Dr. Hickman passed away in 2013 after a short illness, survived by his wife of 64 years and two sons. We honor his courage and persistence in helping Kaiser Permanente provide high-quality, affordable health care services and to improve the health of our members and the communities we serve.

 

Thanks to those who helped with this story, including retired Kaiser Permanente physicians who remembered Dr. Hickman. A special thanks to Dr. Hickman’s son John, for generously sharing his father’s legacy.

 

Short link to this story: http://k-p.li/1QC88RD

 

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The Roots of Southern California Kaiser Permanente

posted on October 7, 2013
Cover of Southern California Planning for Health featuring Los Angeles hospital - Fall 1957
Cover of Southern California Planning for Health featuring expansion of operating room facilities at the new Los Angeles hospital – Fall 1957

By Lincoln Cushing, Heritage writer

The Kaiser Foundation Health Plan’s first beachhead in Southern California was a modest hospital for workers at the Fontana Steel Mill.

The plant was built by Henry J. Kaiser in 1942 as the first West Coast source of the rolled steel plates needed to build Liberty and Victory ships for World War II.

After the war the Health Plan in Fontana went public, and with the strong support of labor unions like the Retail Clerks International Union and the International Longshoremen and Warehousemen Union it began to grow throughout the region.

The first facility outside of Fontana was established in Harbor City in 1950 when the entire West Coast ILWU signed up for the plan.

The next year the Retail Clerks International Union signed on and facilities were founded in Los Angeles, at an inauspicious clinic on La Cienega Boulevard; the state-of-the-art Permanente Foundation Hospital on Sunset Boulevard would not be built until 1953.

On January 1 of that year 13 physicians signed the Southern California Permanente Medical Group’s first Partnership Agreement with  Raymond Kay, MD, as Medical Director.

Special thanks to Cathy Romero, Communications Production Specialist, Pasadena, for providing the Heritage Resources archive with scans of the Southern California Planning for Health newsletters.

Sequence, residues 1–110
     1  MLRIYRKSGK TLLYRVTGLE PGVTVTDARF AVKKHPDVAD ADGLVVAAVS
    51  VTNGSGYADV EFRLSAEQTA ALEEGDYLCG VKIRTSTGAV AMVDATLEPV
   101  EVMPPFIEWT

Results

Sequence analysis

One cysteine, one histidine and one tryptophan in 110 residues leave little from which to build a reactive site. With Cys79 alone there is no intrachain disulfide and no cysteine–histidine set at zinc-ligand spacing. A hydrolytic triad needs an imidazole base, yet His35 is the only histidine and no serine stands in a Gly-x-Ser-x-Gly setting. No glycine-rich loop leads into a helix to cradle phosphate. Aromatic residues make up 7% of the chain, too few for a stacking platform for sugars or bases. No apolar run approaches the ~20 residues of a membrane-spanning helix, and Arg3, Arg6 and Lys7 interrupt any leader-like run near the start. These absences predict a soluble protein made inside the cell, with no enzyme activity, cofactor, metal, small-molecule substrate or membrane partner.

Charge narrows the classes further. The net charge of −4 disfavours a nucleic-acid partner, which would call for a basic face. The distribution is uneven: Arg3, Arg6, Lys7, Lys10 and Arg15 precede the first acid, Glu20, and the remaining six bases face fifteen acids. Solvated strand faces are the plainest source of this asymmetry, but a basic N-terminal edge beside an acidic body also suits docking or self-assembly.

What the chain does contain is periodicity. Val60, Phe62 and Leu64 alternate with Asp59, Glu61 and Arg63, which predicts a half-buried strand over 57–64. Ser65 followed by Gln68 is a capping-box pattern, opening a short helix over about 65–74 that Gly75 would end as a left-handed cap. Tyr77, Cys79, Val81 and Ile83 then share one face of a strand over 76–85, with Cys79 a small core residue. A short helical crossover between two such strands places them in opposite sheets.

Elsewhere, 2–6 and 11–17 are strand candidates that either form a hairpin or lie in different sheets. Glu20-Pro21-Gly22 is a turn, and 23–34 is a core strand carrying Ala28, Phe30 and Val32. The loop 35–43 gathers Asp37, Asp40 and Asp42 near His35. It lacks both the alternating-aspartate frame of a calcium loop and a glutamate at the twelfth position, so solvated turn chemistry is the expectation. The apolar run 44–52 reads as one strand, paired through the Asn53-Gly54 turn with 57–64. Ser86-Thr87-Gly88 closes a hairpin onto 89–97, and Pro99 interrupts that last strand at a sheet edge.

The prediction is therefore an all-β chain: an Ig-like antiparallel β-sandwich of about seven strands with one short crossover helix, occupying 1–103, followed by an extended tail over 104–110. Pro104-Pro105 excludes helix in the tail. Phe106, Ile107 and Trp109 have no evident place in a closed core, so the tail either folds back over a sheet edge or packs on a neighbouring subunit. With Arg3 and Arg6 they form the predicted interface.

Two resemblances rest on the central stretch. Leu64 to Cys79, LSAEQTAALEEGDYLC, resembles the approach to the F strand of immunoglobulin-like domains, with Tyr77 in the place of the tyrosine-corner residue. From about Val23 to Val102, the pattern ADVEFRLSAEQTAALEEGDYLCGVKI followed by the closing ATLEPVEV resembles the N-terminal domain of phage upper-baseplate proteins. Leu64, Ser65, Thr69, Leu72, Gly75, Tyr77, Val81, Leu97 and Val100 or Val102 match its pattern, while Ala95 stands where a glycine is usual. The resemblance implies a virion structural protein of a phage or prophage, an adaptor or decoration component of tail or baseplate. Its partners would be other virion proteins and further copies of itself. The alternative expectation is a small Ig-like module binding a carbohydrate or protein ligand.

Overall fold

Short link to this story: http://ow.ly/pADVN

Article in Southern California Planning for Health on Retail Clerks Union group members, Winter 1952-1953
Article in Southern California Planning for Health on Retail Clerks Union group members, Winter 1952-1953

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Labor unions offer early support for nascent Permanente Health Plan

posted on July 16, 2013
"Kaiser launches 747th - and last- wartime ship," article in the Oakland Tribune, August 13, 1945. Expanding the shipyard workers' health care plan to the public would be the birth of the Kaiser Permanente program.
“Kaiser launches 747th – and last- wartime ship,” article in the Oakland Tribune, August 13, 1945. Expanding the shipyard workers’ health care plan to the public sparked the birth of the Kaiser Permanente program.

by Lincoln Cushing, Heritage writer

As World War II neared an end, the Permanente Health Plan was looking at a dramatic shift in its member base. Wartime shipyard closures loomed, and the future of the plan during peacetime would hinge on attracting new members in the community.

Given Henry J. Kaiser’s support for labor, it was not surprising that labor unions were among the early member groups. Bay Area workers – Oakland city employees, union typographers, street car drivers and carpenters – embraced the Permanente Health Plan and its emphasis on preventive medicine.

One of the first and largest unions to endorse the plan was The International Longshoremen and Warehousemen Union.

On June 7, 1945, the Stewards and Executive Council of the ILWU’s Oakland unit voted unanimously to make coverage in the health insurance plan of the Permanente Foundation a part of its future negotiations with employers.  The executive council also requested that employers pay for the plan’s premiums.

We want our Permanente!

An article in the ILWU’s The Dispatcher explained:

“. . . Permanente operates on three principles: prepayment . . . group practice of medicine (the hospital has 84 doctors on its staff, many of them specialists . . . and adequate facilities.)”